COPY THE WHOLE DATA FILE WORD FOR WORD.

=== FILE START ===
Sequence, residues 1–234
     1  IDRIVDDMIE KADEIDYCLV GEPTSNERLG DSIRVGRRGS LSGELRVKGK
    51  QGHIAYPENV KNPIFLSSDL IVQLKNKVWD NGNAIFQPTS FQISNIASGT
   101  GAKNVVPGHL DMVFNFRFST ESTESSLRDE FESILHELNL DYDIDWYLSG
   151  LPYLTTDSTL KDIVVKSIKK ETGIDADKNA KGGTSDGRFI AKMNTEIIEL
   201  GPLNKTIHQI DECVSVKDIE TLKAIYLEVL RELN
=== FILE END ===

Sequence, residues 1–234
     1  IDRIVDDMIE KADEIDYCLV GEPTSNERLG DSIRVGRRGS LSGELRVKGK
    51  QGHIAYPENV KNPIFLSSDL IVQLKNKVWD NGNAIFQPTS FQISNIASGT
   101  GAKNVVPGHL DMVFNFRFST ESTESSLRDE FESILHELNL DYDIDWYLSG
   151  LPYLTTDSTL KDIVVKSIKK ETGIDADKNA KGGTSDGRFI AKMNTEIIEL
   201  GPLNKTIHQI DECVSVKDIE TLKAIYLEVL RELN